Exceptional antique furniture which is noteworthy for its design, craftsmanship, or history remains in demand although the market has taken a beating in recent years. Pieces that were once the bread and butter of antique stores now hold little value. However, exceptional pieces still hold value among collectors of all levels. In particular, unusual and superlative examples of 18th- and 19th-century American furniture, period European furnishings (or fine-quality late 19th- and early 20th-century reproductions), and original pieces from acclaimed 20th-century designers have retained their value.
The Turn of the Century
One maker whose pieces are still desirable is Gustave Stickley. Stickley founded his company in 1883, with his brothers in Pennsylvania. He soon moved the company to Western New York. His company has operated under multiple names including Stickley Brothers Company, Gustave Stickley Company, and United Craft. Stickley is most known for his furniture in the English Arts and Crafts style which emphasized straightforward use of materials in a simple and beautiful way. Antique Stickley furniture exemplifies this aesthetic.
Another American furniture maker is Charles Rohlfs. He started his career as an actor and designed furniture for his family company on the side. In 1897, he began designing and selling furniture full time. Through his work in Buffalo, NY and at multiple expositions both in the US and abroad, he gained much acclaim with his unique and harmonious woodworking.
Early 20th Century
Not all furniture makers focused on wood. One designer, Mies Van Der Rohe, is known for his sleek designs using modern materials but is most well known as an architect. As a leader of the Bauhaus School in Germany he led the Modernist style of architecture to success. During the rise of Nazism, Van Der Rohe fled to the United States where he designed striking buildings even earning the esteem of Frank Lloyd Wright. His “less is more” architecture style carried over into his furniture design which is sleek and minimalist as exemplified by his Barcelona chair. This type of chair has been in near constant production since 1929.
Another modernist architect with success as a furniture designer is Le Corbusier. Born Charles-Édouard Jeanneret, the Swiss-French architect worked alongside Van Der Rohe in the field of modernist architecture. Le Corbusier architecture incorporated theories of urban planning and an artistic viewpoint. His furniture follows a similar style. By marrying modern materials like chrome and steel with classic materials like leather, Le Corbusier created striking pieces with a sophisticated viewpoint.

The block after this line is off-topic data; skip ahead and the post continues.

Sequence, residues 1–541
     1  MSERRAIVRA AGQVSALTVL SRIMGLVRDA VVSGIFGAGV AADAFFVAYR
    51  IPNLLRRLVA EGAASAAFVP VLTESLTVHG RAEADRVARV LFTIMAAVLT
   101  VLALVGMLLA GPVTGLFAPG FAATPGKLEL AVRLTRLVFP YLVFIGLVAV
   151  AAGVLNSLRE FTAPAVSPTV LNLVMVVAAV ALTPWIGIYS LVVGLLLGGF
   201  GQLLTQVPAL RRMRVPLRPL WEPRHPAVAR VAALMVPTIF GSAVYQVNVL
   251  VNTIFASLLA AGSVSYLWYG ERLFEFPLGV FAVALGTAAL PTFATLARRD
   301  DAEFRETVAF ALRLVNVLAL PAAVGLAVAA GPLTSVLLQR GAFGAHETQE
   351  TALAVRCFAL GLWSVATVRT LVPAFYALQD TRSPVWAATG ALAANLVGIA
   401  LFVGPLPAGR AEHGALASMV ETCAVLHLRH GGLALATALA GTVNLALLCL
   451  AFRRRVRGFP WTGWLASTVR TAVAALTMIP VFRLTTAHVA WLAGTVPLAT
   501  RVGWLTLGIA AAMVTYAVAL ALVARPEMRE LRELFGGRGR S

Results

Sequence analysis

Later furniture makers continued the pared back, sleek design of their predecessors but added their own unique style. One such designer is the American George Nakashima. Similar to Le Corbusier and Van Der Rohe, Nakashima trained as an architect. While abroad, he worked with American architects and studied furniture making in Japan. He soon began designing beautifully made wooden furniture with classic techniques and a modern sensibility. Nakashima furniture holds its value among collectors and pieces are still being made by his children in Pennsylvania.
Charles and Ray Eames are furniture designers from the Mid Century Modern style. They shaped woods and plastics into smooth, rounded forms that exemplified the period. Their most common design, the Eames Chair is instantly recognizable because of how popular it became. The couple strove to replace upholstering with shaped wood and plastic that comfortably fit the human form without cushioning. These chairs are often plagiarized but genuine articles can go for high prices.
We are always interested in purchasing fine pieces in our Albany NY and Saratoga Springs NY offices by these makers. Not all exceptional antique furniture needs a renowned maker. If you have an incredible piece of furniture from one of these makers, or an exceptional piece by a different maker, contact us today to make an appointment!